That same month, Colorado Attorney General Phil Weiser filed an amicus brief in support of the coalition of 18 attorneys general challenging the April 2018 determination that the fuel efficiency standards should be reopened. The amicus noted that EPA has improperly withheld the technical analysis that served as the basis for the April 2018 determination. Additionally, there is not, despite EPA’s claims to the contrary, a significant record supporting the determination as evidenced by the largest vehicle manufacturer’s support for maintaining the fuel efficiency standards through 2025.

In May 2019, after EPA had filed its initial merits brief the previous month, the coalition of attorneys general filed their reply brief. The reply brief noted that EPA’s initial brief had not disputed the core component of the states’ legal argument — that the agency unlawfully ignored the substantial administrative record it had developed in the January 2017 mid-term review in certifying that the clean car standards are achievable. In particular, the attorneys general pointed out that EPA had misrepresented data on vehicle electrification and failed to consider or acknowledge its prior analysis on affordability and fuel prices.

In October 2019, the D.C. Circuit ruled that the April 2018 determination is not a final agency action and thus the court could not hear the challenge to the determination. The court emphasized, however, that the EPA will be required to provide a reasoned explanation for and cannot ignore prior factual findings in its effort to weaken the existing fuel efficiency standards for vehicles.

Opposing the Freeze/Rollback of Fuel Efficiency Standards

Initiating its rulemaking process, in August 2018, the EPA and the DOT released a proposed rule to freeze fuel efficiency standards at 2020 levels, instead of maintaining annual increases in fuel efficiency through 2026. The proposal also would rescind California’s waiver to set its own standards for regulating greenhouse gas emissions from vehicles.

On the same day the proposal was released, California Attorney General Becerra expressed the state’s willingness to use every legal tool at its disposal to challenge the proposal. Additionally, Massachusetts Attorney General Maura Healey led a coalition of 20 attorneys general in releasing a statement announcing their intention to challenge the proposed rule that will significantly increase carbon pollution, reduce air quality and cost drivers money on gas. The coalition included every attorney general from the jurisdictions that have adopted California’s more stringent fuel efficiency standards.

Later in August 2018, a coalition of 18 attorneys general requested that the EPA and the DOT extend the comment deadline on the proposal from sixty to 120 days and hold additional public hearings for the proposal. The attorneys general noted that a 120-day comment period would be consistent with past practices for similarly important and complex proposed regulations and that an additional hearing in California specifically devoted to the EPA’s unprecedented proposal to withdraw California’s Clean Air Act waiver would be appropriate. In response, the EPA only provided the public three additional days to submit comments and denied the request for an additional hearing in California.

In September 2018, California Attorney General Becerra testified at the public hearing in Fresno, California on the proposed revision of fuel efficiency standards. Attorney General Becerra opposed the proposed rollback of the fuel efficiency standards because the proposed rule violates federal law as the standards are far below the “maximum feasible level” based on technology available today and available between 2021 and 2026. Additionally, Attorney General Becerra noted that the EPA and the DOT have failed to offer sound reasons for rolling back the fuel efficiency standards. The testimony also expressed opposition to attempts to revoke California’s waiver under the Clean Air Act.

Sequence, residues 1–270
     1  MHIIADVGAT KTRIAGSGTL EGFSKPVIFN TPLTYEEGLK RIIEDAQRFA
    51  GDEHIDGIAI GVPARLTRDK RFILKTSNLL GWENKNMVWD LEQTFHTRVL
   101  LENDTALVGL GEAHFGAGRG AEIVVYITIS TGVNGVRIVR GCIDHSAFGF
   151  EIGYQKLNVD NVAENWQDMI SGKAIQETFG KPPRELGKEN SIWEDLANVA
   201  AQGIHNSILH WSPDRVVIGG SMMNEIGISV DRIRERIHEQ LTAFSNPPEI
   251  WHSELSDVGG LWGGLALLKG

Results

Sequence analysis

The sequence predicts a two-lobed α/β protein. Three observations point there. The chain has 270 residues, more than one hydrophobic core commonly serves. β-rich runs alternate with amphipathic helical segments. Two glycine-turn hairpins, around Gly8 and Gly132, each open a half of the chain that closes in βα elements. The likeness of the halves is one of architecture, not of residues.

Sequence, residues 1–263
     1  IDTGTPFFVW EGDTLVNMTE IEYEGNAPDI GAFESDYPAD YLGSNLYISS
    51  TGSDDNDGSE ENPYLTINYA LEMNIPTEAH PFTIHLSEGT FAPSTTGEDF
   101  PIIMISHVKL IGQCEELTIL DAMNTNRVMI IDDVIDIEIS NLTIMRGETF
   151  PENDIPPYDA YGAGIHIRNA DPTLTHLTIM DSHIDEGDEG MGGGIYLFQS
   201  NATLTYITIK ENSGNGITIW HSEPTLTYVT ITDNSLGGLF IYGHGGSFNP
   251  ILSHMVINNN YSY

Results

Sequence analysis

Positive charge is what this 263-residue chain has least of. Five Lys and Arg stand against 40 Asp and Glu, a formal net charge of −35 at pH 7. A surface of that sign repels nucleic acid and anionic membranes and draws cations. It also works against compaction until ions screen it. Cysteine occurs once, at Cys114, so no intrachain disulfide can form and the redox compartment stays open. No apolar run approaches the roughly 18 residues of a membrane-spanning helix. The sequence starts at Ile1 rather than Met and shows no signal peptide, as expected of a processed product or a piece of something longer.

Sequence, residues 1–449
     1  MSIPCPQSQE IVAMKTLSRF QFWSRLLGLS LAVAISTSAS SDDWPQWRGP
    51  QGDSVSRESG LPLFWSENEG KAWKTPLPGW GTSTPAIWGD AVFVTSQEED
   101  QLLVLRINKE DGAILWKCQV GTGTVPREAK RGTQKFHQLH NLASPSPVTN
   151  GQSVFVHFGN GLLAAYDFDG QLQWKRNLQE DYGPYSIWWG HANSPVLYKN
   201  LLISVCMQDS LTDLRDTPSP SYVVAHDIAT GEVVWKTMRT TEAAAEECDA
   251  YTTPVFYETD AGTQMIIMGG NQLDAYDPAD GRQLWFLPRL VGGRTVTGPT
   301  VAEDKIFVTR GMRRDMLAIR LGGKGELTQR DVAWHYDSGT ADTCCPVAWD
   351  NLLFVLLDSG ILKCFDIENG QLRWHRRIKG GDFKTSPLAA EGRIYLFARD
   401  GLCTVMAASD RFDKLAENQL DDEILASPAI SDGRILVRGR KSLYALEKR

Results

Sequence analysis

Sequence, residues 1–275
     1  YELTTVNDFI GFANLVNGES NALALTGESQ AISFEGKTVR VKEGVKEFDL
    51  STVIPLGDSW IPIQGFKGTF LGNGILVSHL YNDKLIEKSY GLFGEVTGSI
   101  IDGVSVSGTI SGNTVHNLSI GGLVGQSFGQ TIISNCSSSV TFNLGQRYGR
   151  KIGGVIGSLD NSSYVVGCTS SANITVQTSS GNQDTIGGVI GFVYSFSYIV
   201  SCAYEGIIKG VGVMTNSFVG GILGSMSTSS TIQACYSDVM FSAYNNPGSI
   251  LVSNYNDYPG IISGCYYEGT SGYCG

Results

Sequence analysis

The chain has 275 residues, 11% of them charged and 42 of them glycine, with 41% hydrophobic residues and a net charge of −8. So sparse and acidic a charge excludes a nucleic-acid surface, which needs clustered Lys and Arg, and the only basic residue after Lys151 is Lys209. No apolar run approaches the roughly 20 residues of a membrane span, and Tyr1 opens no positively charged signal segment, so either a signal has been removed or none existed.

In October 2018, a coalition of 21 attorneys general filed comments requesting that the EPA and the DOT withdraw the proposed fuel efficiency rule. The comments noted that freezing fuel efficiency standards at 2020 levels violates the agencies’ responsibilities under the Clean Air Act to protect the public from air pollution. Additionally, the proposal violates the Administrative Procedure Act as the EPA and the DOT have ignored substantial evidence at their disposal that runs counter to their rollback objective and have failed to provide justifications for reversing course on fuel efficiency standards.

In December 2018, a coalition of twenty attorneys general sent a letter to EPA Administrator Wheeler, requesting that EPA withdraw the proposed fuel efficiency rule in light of the Fourth National Climate Assessment. The National Climate Assessment, released in November 2018 makes clear that action is needed now to reduce climate change-causing greenhouse gas emissions in order to avoid the worst effects of climate change. At a minimum, the letter urged EPA to reopen the comment period for the fuel efficiency rule to allow for public input on and adequate consideration of the Assessment’s findings. Ten days later the coalition submitted a copy of the National Climate Assessment to the rulemaking record for the proposed fuel efficiency rule and highlighted parts of the Assessment that support the coalition’s submitted comments on the proposed rule.

In June 2019, New York Attorney General Letitia James led a coalition of ten attorneys general in sending a letter thanking the Chair and Ranking Member of the House Energy and Commerce Committee for holding a hearing on EPA’s and DOT’s proposal. The letter encouraged Congress to exercise its oversight authority over federal agencies, such as the EPA and DOT that have flouted Congress’s commands in the Clean Air Act and the Energy Policy and Conservation Act to reduce air pollution and improve fuel economy. The attorneys general concluded by noting that if the EPA and DOT finalize their proposal, the attorneys general stand ready to file suit to overturn the final rule and expect to prevail, but emphasized that they would prefer to be cooperatively working with the federal government to craft solutions to the climate change challenge.